One of the most popular podcast players on the Google Play store, Podcast Addict, has been suspended on the grounds that some of the podcasts it indexes reference the coronavirus but aren’t approved by government entities or public health organizations.
According to the now-removed Google Play store listing for Podcast Addict, it was the number one podcast app on Android with over 9 million downloads and over 2 billion podcast episodes downloaded through the app.
It had over 500,000 user ratings with an average rating of 4.7/5 and had been on the Google Play Store for more than nine years.
Google told Xavier Guillemane, the developer of Podcast Addict, that the app had been removed due to its references to COVID-19:
“Pursuant to Section 8.3 of the Developer Distribution Agreement and the Enforcement policy, apps referencing COVID-19, or related terms, in any form will only be approved for distribution on Google Play if they are published, commissioned, or authorized by official government entities or public health organizations.“
In order to get the app restored, Google is asking Guillemane to remove references to COVID-19 and keywords related to COVID-19 from the app.
Podcasts player apps such as Podcast Addict connect users with podcasts but don’t actually host the content.
The way podcast apps serve up this content is similar to how web browsers connect users with websites but don’t actually host any of the content on those websites.
What Google is asking of Podcast Addict would be comparable to Google asking a web browser app to remove references to all the websites and social media posts that reference the coronavirus unless the reference comes from an official government entity or public health organization.
Additionally, Google isn’t applying these same rules to its own podcast app – Google Podcasts.
Searching for “coronavirus”or “COVID-19” in Google Podcasts returns podcasts from mainstream media outlets that aren’t endorsed by government entities or public health organizations.
Existing Podcast Addict users who have the app installed can still use it as normal and get automatic updates but they won’t be able to make in-app purchases until the app is restored to the Google Play store.
New and returning users who want to install Podcast Addict on a new device also won’t be able to do it via the Google Play store.
This means users who paid for premium features of the app will be blocked from installing the app with those features on new devices via the Google Play Store unless Google reverses its decision.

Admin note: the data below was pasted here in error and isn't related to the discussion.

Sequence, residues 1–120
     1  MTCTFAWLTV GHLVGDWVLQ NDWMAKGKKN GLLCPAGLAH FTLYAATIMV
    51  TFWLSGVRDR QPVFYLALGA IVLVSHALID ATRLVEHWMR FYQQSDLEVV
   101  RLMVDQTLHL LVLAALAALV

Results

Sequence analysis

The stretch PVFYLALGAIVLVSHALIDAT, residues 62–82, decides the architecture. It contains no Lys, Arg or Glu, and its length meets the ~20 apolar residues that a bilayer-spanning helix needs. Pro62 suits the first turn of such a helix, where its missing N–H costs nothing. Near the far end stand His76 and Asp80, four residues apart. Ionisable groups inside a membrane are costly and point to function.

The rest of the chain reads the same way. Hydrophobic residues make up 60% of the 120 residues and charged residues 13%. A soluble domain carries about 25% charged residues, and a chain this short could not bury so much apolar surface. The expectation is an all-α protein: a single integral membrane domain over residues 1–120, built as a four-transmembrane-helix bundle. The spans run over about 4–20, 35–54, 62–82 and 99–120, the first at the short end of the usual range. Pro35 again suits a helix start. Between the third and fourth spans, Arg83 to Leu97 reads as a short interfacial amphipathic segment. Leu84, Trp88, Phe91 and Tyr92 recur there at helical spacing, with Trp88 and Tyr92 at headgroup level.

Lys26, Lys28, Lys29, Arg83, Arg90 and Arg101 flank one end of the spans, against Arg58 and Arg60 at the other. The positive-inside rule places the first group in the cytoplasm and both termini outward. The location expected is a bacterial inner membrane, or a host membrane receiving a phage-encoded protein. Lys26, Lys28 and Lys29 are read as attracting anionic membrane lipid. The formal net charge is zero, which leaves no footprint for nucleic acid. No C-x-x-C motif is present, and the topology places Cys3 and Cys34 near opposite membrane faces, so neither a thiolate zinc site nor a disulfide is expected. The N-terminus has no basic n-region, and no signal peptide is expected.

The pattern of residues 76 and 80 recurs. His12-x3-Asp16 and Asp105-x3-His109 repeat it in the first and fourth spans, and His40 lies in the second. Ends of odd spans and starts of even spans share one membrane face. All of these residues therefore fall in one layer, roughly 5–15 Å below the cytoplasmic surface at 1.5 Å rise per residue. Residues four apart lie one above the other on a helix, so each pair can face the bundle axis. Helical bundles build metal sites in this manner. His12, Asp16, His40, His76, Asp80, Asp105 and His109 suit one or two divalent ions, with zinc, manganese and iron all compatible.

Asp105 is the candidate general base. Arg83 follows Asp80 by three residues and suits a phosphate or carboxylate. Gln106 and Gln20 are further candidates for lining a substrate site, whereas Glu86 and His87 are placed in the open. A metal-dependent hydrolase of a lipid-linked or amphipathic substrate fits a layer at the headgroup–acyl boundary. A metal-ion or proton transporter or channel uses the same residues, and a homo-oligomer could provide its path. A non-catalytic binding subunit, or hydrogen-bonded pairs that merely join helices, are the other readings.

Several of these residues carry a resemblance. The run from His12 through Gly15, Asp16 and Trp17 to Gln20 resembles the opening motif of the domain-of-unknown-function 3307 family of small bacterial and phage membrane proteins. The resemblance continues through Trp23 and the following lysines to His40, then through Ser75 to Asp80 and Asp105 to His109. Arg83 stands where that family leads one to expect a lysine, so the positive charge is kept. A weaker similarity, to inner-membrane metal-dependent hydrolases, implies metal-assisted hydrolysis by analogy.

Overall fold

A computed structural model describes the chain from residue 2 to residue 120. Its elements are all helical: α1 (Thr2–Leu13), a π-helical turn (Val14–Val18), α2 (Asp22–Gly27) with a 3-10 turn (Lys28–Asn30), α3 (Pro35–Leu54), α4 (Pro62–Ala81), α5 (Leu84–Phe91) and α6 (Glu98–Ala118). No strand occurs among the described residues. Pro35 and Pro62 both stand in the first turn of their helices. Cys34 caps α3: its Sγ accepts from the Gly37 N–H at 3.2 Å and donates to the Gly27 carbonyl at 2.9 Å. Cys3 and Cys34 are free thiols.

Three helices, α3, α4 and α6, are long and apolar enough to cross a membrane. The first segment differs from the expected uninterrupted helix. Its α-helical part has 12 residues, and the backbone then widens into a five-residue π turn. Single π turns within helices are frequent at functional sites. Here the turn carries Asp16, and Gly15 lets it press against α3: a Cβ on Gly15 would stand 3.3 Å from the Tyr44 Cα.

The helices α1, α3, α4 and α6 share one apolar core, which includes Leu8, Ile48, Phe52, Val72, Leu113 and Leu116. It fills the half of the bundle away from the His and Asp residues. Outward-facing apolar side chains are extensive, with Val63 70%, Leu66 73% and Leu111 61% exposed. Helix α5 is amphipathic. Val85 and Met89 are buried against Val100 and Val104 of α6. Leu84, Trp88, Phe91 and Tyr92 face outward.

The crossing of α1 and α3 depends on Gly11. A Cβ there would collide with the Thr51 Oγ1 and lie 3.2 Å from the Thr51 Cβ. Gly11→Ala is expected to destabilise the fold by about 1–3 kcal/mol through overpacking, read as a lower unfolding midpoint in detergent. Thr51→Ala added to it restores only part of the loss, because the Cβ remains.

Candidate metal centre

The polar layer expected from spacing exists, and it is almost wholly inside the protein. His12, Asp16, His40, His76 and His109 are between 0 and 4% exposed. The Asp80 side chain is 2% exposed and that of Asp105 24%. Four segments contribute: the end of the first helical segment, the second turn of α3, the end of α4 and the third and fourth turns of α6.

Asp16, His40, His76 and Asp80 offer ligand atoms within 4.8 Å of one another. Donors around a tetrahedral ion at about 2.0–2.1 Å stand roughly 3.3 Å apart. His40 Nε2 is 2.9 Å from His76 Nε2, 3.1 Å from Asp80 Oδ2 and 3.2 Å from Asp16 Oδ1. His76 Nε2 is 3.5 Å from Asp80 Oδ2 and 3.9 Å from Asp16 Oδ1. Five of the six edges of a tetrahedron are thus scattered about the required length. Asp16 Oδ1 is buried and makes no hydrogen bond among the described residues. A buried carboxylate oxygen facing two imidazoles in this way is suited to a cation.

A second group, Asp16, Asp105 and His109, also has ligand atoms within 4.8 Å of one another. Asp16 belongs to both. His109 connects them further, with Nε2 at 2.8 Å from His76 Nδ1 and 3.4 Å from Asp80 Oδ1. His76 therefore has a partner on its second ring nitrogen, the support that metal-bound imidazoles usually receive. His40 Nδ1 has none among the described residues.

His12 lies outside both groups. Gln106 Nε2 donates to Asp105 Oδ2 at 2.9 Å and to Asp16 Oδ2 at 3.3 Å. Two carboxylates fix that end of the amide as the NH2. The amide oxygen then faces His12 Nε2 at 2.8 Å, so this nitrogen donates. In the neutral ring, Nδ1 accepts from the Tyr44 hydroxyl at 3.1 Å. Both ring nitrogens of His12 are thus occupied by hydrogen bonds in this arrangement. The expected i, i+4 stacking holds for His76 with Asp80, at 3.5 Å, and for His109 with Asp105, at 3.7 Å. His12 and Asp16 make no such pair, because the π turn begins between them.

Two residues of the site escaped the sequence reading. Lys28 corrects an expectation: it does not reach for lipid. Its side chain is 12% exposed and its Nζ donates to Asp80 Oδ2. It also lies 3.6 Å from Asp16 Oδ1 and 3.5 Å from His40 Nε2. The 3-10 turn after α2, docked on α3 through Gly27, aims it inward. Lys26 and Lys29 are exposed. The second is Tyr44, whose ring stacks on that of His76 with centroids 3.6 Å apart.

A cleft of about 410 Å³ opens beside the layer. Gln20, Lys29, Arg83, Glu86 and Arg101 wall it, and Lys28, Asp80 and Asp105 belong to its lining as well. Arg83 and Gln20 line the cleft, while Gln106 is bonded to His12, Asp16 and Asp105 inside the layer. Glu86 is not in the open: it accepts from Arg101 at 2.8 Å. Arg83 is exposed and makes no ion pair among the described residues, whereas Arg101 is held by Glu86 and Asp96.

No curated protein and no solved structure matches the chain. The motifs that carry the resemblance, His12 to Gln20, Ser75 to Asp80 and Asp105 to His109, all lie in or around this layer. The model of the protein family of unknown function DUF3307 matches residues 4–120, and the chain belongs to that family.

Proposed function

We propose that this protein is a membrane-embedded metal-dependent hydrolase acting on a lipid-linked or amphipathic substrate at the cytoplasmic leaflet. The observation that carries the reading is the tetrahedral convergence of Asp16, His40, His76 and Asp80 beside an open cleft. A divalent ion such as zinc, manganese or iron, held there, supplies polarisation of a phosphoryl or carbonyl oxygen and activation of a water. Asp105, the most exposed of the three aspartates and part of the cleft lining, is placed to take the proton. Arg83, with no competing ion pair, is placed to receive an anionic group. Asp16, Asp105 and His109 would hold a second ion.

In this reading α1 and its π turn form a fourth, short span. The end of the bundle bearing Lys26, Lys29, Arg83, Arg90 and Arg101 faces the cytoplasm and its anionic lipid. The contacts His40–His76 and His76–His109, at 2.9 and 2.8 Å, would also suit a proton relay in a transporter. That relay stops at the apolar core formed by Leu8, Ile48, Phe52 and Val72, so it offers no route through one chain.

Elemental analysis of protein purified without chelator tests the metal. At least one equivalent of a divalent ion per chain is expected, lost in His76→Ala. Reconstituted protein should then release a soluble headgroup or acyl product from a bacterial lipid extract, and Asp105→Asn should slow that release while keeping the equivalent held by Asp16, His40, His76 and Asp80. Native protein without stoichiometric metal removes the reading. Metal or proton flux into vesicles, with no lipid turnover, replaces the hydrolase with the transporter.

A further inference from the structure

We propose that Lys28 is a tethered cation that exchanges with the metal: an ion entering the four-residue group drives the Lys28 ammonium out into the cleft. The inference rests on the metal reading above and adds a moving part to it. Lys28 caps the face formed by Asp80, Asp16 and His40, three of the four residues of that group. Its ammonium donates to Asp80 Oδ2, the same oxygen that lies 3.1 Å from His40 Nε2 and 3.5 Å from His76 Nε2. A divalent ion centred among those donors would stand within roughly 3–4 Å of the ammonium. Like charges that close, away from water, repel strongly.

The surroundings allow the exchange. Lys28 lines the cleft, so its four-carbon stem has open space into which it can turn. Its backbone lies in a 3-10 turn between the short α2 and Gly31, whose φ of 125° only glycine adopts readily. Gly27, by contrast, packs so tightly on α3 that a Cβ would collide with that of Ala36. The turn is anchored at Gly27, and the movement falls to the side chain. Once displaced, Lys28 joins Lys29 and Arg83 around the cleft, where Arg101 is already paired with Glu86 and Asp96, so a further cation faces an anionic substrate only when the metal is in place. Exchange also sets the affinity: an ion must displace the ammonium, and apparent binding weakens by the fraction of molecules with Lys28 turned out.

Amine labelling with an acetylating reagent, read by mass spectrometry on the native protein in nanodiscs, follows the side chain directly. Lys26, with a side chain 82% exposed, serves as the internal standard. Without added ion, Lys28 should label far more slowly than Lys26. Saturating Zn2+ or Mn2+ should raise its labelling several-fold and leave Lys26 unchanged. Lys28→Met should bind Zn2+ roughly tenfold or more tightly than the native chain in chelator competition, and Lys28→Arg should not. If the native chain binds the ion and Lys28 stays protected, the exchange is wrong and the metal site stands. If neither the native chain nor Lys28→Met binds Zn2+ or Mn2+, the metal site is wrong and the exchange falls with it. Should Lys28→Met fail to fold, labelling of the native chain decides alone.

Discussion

Another impact of the suspension is that Google AdMob, the service Podcast Addict uses to display ads in the app to support its development, has stopped serving ads.
For now, Podcast Addict is distributing the official version of the app via an Android Application Package (APK) which users can sideload onto their devices but this sideloaded version won’t appear in Android Auto – a feature that allows users to mirror their Android devices to the dashboard of compatible cars.
Podcast Addict discussed the impact the suspension is likely to have on its app and tweeted that it “basically doesn’t exist” once the listing is gone due to the dominance of Google’s store when it comes to Android app distribution.
Additionally, Podcast Addict noted that Google’s requested “fix” for the app will result in it being published as a new download which means the 9 million+ downloads and 500,000+ reviews that it has accumulated on the Google Play store over the last nine years will be wiped out.
Podcast Addict described the situation as “ really depressing” and wrote that not having any control over the situation as an independent developer who has spent nine years working on the app is “the worst feeling.”
Guillemane is predicting that in the best-case scenario, the situation will take 21 days to resolve which means thousands of existing users will be lost because they are unable to install Podcast Addict on their new Android devices.
The whole situation serves as yet another example of the collateral damage caused by Google and other big tech companies when they introduce policies that prescribe what users are allowed to say about the coronavirus and restrict who is allowed to comment on it.